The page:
While on some level "standards" are decided after the fact in the Open Source community, but they are rooted in conscious decisions. No one said that Jim Fulton had special authority over Nevow, Python web programming, or anything -- the informal authority he has was gained through his action and involvement, and leveraging the authority from a popular framework (Zope). And even in the presence of Zope Corp, he still doesn't get a pass when it comes to authority in that community. "Authority" in all these cases still only means that people choose to listen to him, not that he can actually make people do much (at least outside of Zope Corp).
In turn he chooses things consciously and strategically. Many people in the community do this -- they choose something, either to follow the opinions of others, to start out on their own, to become part of some project -- based on conscious decisions that include their imagination -- what they think will happen with projects, how they personally feel invested or alienated from a project, how they imagine a design fitting into their unknown future developments. Not all programmers do this -- but almost all the ones that matter do. Developer-users -- people who just download packages and use them in their isolated environments -- have very little effect on the code or community. Imaginative programmers are what make things happen, and that's who I'm trying to appeal to with most of what I write on this blog, because sometimes code alone isn't enough to spark someone's imagination. And sometimes I don't have code to hawk anyway ;)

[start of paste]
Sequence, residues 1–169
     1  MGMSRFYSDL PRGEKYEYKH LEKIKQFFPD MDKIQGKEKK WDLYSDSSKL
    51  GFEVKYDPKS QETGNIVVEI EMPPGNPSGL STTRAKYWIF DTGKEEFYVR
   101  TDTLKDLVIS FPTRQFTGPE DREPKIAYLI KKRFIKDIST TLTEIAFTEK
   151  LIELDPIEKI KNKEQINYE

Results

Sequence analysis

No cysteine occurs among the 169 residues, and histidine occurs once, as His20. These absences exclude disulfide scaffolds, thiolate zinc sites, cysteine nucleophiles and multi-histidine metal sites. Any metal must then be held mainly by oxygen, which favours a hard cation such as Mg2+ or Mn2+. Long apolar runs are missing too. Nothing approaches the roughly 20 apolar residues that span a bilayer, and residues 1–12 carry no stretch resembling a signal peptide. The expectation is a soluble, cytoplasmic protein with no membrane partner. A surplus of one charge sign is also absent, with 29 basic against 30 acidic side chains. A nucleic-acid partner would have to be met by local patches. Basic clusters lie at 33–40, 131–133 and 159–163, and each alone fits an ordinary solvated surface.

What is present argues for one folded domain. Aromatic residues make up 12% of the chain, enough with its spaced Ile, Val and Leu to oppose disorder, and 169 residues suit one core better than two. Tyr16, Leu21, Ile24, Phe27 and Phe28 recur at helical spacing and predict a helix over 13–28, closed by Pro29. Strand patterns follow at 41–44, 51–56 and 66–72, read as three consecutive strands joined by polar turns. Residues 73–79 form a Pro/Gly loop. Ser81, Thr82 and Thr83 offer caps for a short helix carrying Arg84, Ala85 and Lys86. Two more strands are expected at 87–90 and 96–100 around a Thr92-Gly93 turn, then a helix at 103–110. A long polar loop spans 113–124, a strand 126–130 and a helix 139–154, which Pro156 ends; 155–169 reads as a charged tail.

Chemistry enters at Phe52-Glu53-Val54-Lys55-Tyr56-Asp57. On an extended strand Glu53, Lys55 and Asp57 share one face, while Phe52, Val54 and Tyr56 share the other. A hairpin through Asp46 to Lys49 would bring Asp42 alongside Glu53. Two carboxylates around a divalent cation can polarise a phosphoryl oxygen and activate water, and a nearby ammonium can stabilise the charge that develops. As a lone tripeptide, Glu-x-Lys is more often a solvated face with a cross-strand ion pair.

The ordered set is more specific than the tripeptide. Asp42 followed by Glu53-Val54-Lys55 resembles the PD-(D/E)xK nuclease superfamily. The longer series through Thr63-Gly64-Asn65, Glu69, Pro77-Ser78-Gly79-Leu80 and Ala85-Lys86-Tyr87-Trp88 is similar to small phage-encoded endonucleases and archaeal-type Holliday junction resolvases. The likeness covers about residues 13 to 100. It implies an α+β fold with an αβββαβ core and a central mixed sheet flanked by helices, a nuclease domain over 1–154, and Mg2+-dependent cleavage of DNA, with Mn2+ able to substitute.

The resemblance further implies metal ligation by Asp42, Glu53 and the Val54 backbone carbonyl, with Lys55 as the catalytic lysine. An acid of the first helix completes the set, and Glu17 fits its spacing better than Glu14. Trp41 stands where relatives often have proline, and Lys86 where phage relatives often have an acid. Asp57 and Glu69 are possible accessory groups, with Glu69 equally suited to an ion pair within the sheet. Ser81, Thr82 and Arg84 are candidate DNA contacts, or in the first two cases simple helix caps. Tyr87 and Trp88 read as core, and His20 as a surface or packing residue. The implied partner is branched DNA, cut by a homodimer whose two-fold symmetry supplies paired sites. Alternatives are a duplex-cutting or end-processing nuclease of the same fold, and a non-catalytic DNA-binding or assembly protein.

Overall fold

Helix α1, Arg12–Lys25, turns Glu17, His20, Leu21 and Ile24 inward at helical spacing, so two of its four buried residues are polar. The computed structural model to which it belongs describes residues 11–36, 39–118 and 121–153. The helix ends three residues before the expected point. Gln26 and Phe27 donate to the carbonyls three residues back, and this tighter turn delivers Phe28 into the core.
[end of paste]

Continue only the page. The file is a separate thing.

In conclusion, because I don't think I've made my point entirely clear yet: on one level you can look at the community and its decisions as an organic process of evolution. And seeing that you can think that conscious decisions and strategies don't matter, that standards can't mean much, that the best man will always win in time. But the other side is that the community is made up entirely of individuals -- it seems organic because there are no authoritative institutions, no authoritative decisions outside of what an individual chooses for him or herself. But individuals make decisions for very conscious and personal reasons, and though it's a different process to appeal to a community of many individuals, it's still worth doing.